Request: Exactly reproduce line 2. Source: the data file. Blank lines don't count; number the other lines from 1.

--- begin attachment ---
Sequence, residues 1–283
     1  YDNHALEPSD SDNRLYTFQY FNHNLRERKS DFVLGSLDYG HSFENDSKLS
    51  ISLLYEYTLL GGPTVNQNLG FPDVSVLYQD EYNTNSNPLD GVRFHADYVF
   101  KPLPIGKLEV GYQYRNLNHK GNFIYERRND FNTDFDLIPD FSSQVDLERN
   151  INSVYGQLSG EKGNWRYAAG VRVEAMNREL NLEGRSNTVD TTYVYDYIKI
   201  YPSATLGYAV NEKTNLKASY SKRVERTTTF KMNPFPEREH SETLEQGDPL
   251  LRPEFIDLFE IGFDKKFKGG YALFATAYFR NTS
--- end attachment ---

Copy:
     1  YDNHALEPSD SDNRLYTFQY FNHNLRERKS DFVLGSLDYG HSFENDSKLS